SOURCE: Anapol Schwartz

Anapol Schwartz

November 20, 2014 16:07 ET

Anapol Schwartz Files Class Action Against Exploding Airbag Manufacturer

PHILADELPHIA, PA--(Marketwired - Nov 20, 2014) - Anapol Schwartz Shareholder Larry Coben filed a class action lawsuit Tuesday against Takata Corporation, Honda Motor Co., and numerous other manufacturers on behalf of about 20 million people who own or lease vehicles with defective Takata airbags that may explode and shoot shrapnel during an auto collision.

The staggering number of vehicles recalled for the potentially deadly defect has led to an acute shortage of parts to correct the problem. The only solution offered by manufacturers to date is to either disable the airbags completely or to encourage customers not to drive their vehicles until the airbags can be fixed. Customers have been left with either an unsafe vehicle or no vehicle at all as a result. The legal action seeks monetary relief for millions of affected vehicle owners and a mandatory order for prompt repair of the defective airbags. The lawsuit also seeks an injunction forcing Takata to turn over to competitor airbag manufacturers the necessary technical information to help manufacture and replace these unsafe safety systems.

"People rely on their vehicles to earn their incomes, take their children to school, and for every day survival," Coben said. "The response of the manufacturers to this recall has been as grossly mismanaged as their response to the original problem 13 years ago."

The inadequate response of manufacturers has caught the attention of Senators Richard Blumenthal (D-CT) and Edward J. Markey (D-MA) who point out that disabling safety equipment violates the Motor Vehicle Safety Act (40 U.S.C) without a specific exemption from the Department of Transportation. The Senators are urging manufacturers to provide rental vehicles at no cost to consumers if their cars cannot be fixed immediately.

Additionally, plaintiffs and class members were effectively cheated by not receiving the benefit of their original bargain, Coben contends. The customers received vehicles that were of lesser standard, grade and quality than represented by the manufacturers. Drivers did not receive vehicles that would reliably operate with reasonable safety and not place them and their passengers in danger of an ongoing and undisclosed risk of harm. As a result, all purchasers overpaid for their vehicles, says the complaint.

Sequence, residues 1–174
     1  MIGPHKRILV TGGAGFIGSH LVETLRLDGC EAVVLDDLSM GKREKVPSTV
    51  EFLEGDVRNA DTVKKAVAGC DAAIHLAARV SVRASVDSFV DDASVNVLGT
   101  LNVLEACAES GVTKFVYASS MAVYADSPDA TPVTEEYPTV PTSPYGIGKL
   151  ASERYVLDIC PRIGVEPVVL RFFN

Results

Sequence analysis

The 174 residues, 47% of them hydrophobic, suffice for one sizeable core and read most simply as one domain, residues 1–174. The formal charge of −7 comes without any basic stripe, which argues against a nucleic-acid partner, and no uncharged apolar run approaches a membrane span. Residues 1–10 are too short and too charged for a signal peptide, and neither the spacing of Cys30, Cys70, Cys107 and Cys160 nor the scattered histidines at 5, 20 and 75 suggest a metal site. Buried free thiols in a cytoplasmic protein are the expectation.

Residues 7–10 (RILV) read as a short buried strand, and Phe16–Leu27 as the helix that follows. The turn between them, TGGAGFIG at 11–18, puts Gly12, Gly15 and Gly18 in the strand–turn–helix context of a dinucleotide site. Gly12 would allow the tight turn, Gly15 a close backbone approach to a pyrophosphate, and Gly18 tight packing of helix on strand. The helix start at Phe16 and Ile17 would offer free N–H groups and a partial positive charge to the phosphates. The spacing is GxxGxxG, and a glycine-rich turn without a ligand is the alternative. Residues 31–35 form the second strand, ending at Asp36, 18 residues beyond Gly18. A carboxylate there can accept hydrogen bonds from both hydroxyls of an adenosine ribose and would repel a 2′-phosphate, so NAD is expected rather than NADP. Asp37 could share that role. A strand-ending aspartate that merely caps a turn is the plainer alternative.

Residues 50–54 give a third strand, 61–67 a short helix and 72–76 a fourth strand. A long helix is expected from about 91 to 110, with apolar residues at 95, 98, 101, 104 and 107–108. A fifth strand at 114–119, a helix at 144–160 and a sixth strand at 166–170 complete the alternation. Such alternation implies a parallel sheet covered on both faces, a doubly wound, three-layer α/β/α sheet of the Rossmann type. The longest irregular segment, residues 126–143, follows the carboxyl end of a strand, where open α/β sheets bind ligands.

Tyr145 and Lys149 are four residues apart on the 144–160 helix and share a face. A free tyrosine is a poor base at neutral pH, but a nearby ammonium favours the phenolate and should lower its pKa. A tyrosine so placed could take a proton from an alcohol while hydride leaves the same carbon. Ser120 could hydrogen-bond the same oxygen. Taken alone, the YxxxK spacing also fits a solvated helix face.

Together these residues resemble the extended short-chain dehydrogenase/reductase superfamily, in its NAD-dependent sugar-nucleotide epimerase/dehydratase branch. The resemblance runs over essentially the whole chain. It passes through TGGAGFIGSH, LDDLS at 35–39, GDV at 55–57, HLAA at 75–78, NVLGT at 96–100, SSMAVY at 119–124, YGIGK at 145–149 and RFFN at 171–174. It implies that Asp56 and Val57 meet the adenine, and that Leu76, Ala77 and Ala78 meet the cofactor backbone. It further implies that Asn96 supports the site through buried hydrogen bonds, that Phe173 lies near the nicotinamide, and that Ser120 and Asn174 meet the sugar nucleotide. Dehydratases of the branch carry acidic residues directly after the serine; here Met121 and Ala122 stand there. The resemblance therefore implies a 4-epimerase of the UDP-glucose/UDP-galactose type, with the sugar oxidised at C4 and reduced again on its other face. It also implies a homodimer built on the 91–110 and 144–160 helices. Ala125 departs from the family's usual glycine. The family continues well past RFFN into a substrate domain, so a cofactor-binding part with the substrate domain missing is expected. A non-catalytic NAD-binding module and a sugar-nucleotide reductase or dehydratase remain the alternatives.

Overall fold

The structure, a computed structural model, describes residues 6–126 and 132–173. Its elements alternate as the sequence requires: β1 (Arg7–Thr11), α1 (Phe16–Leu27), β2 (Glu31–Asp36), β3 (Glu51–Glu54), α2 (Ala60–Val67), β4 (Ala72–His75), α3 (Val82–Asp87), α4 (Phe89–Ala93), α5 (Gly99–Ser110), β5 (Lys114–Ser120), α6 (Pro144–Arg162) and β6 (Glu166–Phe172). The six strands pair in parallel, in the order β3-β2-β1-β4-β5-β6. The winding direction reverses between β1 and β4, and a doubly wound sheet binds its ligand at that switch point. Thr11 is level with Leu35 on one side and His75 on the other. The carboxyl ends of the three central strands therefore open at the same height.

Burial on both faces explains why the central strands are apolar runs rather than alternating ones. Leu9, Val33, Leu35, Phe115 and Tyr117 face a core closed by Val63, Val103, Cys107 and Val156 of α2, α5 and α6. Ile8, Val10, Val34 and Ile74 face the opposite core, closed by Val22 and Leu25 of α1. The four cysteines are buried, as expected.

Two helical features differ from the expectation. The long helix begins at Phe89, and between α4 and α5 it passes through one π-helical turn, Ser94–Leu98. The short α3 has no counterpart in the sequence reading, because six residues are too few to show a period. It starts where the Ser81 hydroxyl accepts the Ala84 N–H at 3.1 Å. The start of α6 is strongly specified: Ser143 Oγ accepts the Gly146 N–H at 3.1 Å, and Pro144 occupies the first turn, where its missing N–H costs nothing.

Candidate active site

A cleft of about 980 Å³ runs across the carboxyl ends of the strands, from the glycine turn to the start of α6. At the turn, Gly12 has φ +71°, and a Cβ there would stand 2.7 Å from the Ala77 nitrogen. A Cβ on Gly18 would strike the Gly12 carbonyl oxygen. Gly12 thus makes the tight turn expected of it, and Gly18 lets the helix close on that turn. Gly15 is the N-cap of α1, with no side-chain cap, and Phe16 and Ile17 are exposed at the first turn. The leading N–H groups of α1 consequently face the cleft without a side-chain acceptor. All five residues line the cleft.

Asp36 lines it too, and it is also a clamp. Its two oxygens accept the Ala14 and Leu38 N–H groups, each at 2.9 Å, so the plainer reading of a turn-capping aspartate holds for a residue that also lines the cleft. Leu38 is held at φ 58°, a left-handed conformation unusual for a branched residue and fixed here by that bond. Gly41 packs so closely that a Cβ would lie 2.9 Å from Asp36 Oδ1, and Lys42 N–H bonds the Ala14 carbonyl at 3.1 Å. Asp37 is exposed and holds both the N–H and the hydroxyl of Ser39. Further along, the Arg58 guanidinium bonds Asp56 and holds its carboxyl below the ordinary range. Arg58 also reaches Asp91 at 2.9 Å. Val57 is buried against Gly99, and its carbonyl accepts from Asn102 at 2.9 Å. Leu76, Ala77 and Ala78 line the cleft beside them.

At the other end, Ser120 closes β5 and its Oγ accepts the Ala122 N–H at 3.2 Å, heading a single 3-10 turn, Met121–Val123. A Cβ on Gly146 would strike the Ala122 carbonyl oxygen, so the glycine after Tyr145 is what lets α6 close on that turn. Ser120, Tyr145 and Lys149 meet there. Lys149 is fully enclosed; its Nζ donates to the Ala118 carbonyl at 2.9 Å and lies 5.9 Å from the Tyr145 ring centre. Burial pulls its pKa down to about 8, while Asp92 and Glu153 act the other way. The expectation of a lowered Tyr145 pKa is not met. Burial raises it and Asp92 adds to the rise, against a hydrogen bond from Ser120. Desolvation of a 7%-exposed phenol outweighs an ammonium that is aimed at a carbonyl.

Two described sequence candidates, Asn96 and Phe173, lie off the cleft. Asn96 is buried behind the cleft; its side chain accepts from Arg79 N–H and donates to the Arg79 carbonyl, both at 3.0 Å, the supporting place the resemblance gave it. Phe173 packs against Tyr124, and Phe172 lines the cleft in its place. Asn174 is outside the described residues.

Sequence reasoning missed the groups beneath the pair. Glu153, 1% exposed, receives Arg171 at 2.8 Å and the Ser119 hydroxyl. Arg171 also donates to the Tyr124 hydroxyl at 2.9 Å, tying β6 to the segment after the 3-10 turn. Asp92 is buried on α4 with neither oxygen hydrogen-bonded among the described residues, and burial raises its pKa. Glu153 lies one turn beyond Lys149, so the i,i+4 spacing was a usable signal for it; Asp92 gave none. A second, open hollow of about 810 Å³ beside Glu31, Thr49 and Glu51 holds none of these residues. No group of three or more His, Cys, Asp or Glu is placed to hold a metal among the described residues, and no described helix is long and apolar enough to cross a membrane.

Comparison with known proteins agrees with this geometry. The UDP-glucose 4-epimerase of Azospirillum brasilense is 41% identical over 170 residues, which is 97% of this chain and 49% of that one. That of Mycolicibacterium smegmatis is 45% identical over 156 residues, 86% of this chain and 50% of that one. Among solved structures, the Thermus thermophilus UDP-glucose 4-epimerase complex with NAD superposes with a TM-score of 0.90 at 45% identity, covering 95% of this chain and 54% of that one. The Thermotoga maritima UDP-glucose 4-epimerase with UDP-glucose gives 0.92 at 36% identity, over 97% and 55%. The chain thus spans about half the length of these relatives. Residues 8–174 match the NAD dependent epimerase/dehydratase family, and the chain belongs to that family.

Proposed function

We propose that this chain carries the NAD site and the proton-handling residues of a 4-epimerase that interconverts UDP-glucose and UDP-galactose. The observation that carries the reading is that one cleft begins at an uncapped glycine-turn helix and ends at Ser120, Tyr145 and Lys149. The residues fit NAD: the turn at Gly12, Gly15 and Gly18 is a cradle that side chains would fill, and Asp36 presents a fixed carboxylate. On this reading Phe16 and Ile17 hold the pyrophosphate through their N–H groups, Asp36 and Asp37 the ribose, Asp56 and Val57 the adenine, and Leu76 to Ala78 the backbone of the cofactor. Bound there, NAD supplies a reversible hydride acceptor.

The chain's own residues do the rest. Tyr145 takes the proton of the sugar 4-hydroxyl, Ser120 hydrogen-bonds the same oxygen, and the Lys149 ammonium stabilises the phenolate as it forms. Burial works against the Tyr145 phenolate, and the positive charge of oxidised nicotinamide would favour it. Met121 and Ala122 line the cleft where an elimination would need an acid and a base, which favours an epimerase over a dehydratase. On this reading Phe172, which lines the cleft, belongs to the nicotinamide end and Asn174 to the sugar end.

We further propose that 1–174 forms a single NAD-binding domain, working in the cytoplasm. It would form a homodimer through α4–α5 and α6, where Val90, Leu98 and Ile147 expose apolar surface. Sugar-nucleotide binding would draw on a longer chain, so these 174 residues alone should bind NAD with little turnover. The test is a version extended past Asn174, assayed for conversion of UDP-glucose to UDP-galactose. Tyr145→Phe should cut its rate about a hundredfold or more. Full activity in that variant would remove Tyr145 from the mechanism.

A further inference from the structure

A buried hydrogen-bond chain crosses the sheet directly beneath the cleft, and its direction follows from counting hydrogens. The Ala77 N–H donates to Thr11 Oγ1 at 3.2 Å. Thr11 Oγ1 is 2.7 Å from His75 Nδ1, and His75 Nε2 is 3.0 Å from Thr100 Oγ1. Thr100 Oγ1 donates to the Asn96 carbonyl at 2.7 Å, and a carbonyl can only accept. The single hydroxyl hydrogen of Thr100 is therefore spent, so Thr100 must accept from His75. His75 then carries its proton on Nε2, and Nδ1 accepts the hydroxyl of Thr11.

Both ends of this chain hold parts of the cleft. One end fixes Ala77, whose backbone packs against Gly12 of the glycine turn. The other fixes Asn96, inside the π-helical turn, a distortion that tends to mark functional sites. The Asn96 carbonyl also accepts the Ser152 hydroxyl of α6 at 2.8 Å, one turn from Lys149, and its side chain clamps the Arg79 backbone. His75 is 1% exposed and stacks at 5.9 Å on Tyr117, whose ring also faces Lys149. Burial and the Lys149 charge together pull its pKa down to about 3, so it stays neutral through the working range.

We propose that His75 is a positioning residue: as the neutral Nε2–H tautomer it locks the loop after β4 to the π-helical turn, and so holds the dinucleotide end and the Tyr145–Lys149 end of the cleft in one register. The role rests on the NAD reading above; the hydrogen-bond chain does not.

The complaint alleges the airbag defects date back to at least 2000, and Takata -- the world's second largest manufacturer of automotive safety devices -- became aware of the defects as early as 2001. Despite the red flags raised then, the airbags' potentially lethal dangers were not disclosed to U.S. safety regulators until seven years and the production of millions of vehicles later in 2008. Since then, 11 automakers have recalled vehicle models worldwide.

The complaint details a long history of alleged deception and failures to report problems on the part of Takata and auto manufacturers. Plaintiffs in the class action reside in New Jersey, Pennsylvania, Ohio, Arizona and California.

About Anapol Schwartz
Anapol Schwartz is a national leader in personal injury law. The firm has successfully litigated thousands of cases during the past 37 years. Anapol Schwartz attorneys have obtained hundreds of millions of dollars in successful verdicts, settlements and judgments on behalf of their clients. Visit the Anapol Schwartz personal injury law website at www.anapolschwartz.com.

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